The Mediterranean country's daily death rate is now higher than that officially reported by China at the peak of its outbreak around Wuhan's Hubei province.
Italy's previous one-day record death toll was 475 on Wednesday.
Italy has seen more than 1,500 fatalities from COVID-19 in the past three days alone.
It has now recorded the five highest one-day tolls officially registered around the world.
Italy's total number of deaths now stands and 4,032. Infections rose by nearly 6,000 to 47,021.
The nation of 60 million currently accounts for 36.6 percent of the world's coronavirus deaths.
“There are so many people walking around who have the virus and who are at risk of infecting others,” Matteo Bassetti, the director of the infectious diseases department at Genoa's San Martino clinic, told Italy's AGI news
“The 40,000 cases we are talking about could actually be 100 times higher.”
Italy's government said on Friday it is considering even further restrictions on its already locked-down population as the country reels under the continued spread of the coronavirus.
“In the next 24 to 48 hours, new restrictions are possible,” Italy's minister of regional affairs Francesco Boccia said Friday, citing the possibility of banning open-air activities.
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The presidents of regions in the north — Italy's richest and the most devastated by the virus — have been pressing Prime Minister Giuseppe Conte to clamp down even harder on the movement of people, calling for the deployment of the army to help enforce the measures.
“Unfortunately, even today the statistics aren't going in the right direction, neither in terms of new infections or in terms of deaths,” Lombardy's president Attilio Fontana told a press conference on Friday.
A list of requests by mayors throughout Lombardy would be submitted to Conte on Friday, he added.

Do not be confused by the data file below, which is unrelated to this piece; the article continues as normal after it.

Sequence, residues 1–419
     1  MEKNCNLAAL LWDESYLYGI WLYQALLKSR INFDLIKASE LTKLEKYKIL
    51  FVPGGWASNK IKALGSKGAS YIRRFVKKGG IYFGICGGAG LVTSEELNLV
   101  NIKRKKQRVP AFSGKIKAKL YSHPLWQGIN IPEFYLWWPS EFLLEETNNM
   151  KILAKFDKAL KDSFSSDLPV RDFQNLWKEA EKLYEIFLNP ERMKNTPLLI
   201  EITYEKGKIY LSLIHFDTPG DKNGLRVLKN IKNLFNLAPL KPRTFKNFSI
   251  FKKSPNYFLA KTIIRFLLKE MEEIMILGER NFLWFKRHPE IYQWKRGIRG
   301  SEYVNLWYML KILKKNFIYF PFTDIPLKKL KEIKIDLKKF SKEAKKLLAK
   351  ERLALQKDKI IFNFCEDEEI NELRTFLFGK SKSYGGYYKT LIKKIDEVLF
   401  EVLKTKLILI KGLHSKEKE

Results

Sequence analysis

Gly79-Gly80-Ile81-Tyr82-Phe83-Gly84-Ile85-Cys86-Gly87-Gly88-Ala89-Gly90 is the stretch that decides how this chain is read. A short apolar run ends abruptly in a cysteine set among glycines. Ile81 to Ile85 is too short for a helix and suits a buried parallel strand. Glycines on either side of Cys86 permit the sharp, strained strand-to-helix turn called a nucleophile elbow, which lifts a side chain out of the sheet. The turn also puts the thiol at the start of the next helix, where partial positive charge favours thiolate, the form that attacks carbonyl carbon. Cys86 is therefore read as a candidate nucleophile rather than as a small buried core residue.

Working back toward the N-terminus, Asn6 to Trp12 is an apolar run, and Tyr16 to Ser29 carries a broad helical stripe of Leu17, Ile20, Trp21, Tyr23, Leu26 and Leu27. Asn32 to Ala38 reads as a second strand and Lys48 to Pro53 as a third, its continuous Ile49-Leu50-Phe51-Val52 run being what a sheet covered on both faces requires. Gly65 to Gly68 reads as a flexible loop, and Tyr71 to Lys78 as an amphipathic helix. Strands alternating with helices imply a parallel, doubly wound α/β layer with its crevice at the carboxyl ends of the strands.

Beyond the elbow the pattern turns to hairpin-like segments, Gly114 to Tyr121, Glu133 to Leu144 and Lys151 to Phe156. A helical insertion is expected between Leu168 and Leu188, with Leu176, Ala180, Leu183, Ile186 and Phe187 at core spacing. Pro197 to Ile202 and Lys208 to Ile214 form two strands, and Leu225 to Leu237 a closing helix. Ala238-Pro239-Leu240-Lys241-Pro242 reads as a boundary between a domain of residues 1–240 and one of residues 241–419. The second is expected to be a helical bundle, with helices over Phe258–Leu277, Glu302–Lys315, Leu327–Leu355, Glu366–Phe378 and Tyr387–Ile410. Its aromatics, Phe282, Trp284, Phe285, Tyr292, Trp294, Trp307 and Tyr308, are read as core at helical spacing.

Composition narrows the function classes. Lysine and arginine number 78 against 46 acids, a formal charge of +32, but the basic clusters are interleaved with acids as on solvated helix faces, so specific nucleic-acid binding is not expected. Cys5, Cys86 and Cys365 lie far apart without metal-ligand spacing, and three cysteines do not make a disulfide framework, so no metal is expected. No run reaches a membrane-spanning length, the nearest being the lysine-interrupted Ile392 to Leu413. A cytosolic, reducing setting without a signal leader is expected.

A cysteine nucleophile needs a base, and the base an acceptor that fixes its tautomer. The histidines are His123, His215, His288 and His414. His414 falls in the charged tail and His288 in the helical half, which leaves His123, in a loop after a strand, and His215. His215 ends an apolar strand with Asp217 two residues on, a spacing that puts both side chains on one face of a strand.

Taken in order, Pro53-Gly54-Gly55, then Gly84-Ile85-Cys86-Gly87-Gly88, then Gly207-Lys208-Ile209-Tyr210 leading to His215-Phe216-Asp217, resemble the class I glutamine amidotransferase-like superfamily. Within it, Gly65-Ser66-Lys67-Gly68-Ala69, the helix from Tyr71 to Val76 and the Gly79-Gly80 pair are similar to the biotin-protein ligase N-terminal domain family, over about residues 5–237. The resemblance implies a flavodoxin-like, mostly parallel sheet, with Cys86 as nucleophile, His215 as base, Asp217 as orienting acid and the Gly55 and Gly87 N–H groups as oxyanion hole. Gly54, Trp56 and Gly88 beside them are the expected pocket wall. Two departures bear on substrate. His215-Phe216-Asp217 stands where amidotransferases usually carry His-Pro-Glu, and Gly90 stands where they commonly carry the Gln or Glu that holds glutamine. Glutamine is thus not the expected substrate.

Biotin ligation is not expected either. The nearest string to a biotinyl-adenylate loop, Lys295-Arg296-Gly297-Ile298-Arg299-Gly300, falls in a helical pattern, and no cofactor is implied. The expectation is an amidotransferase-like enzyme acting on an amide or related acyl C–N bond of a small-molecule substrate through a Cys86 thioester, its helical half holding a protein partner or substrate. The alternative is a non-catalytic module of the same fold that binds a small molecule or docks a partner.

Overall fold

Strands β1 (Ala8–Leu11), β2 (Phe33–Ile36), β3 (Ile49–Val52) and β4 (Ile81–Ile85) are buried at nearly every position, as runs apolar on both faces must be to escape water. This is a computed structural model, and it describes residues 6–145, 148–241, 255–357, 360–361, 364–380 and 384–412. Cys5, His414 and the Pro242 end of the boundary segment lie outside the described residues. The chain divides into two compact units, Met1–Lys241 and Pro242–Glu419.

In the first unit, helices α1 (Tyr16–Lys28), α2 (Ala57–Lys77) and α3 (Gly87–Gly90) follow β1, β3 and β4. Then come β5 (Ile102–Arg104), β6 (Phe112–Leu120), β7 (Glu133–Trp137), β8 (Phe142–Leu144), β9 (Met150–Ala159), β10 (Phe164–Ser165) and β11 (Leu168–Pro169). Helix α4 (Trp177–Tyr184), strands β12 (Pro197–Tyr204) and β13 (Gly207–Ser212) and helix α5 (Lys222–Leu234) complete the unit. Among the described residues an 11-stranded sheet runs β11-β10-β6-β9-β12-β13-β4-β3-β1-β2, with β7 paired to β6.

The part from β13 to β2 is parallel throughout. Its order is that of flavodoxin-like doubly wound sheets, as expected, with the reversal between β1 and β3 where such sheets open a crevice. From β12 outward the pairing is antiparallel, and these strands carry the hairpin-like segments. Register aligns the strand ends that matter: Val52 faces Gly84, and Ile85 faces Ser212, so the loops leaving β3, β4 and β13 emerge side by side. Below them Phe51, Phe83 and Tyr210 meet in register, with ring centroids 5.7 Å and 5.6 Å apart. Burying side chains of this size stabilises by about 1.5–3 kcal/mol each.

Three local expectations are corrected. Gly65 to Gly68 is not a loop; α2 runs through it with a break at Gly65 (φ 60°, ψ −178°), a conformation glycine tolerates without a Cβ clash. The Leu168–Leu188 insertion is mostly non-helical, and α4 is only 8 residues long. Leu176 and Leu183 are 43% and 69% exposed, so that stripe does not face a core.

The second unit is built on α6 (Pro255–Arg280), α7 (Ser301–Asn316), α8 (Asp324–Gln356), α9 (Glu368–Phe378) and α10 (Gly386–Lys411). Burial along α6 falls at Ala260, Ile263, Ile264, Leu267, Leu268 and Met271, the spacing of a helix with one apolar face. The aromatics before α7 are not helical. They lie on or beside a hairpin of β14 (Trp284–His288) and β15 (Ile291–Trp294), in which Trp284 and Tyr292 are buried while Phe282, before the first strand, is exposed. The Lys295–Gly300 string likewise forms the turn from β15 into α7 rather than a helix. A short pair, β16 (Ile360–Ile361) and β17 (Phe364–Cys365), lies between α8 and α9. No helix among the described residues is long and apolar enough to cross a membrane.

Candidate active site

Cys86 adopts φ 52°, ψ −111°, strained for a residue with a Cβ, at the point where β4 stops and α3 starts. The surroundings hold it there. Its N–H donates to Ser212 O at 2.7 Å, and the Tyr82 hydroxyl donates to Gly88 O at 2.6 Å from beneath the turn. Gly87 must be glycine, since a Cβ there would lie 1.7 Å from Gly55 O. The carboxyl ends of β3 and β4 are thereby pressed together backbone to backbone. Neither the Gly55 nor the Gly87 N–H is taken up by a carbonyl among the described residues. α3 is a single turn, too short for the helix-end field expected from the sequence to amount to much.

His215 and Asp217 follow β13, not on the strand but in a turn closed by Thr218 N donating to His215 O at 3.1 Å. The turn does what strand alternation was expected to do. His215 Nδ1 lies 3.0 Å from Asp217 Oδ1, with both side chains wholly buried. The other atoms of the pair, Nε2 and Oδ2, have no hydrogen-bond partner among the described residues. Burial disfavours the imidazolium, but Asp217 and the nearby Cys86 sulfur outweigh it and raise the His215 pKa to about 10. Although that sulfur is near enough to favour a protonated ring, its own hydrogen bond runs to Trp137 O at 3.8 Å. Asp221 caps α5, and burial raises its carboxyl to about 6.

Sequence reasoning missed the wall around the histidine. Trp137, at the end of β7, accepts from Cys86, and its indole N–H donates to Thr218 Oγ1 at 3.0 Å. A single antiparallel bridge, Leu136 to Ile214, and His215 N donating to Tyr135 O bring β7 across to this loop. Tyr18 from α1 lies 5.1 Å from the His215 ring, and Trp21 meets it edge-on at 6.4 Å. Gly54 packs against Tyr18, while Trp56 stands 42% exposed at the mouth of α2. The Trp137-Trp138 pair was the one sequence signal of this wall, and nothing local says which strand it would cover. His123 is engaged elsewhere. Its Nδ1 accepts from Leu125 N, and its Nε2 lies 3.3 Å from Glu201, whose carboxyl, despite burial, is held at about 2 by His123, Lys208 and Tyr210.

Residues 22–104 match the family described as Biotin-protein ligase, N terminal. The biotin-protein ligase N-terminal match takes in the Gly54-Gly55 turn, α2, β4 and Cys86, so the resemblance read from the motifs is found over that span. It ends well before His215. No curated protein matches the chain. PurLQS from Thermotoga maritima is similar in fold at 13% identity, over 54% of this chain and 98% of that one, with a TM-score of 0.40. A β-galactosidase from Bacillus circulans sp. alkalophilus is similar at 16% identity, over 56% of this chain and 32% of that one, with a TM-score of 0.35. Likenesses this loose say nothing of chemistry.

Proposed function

Fontana has asked Conte to close all private and public offices, other than essential ones, as well as construction sites, and to crack down harder on people who continue to flout the quarantine.
“I tried to convince him that we have to take more rigorous measures,” Fontana told La7 television on Thursday, referring to a conversation with Conte.
“We can't joke around anymore.”
The government imposed a nationwide lockdown on March 12 and had been hoping to see the first results after two weeks.
But civil protection service chief Angelo Borrelli said Friday it was premature to think about when infections might begin to plateau.
“There are reasons to think that it could be next week or the week after,” Borrelli told reporters.
“But it is not a scientific fact.”
Italy's death rate of 8.6 percent among those registered with infections is significantly higher than in most other countries.
Medical experts have mainly attributed this to Italy's older than average population.
The overwhelming majority of Italy's fatal cases involved elderly people with at least one pre-existing condition.
The National Health Institute (ISS) said Friday that the average age of Italy first 3,200 victims was 78.5.
Almost 49 percent of them had three or more pre-existing conditions.
Just 1.2 percent of those who died had no other ailments.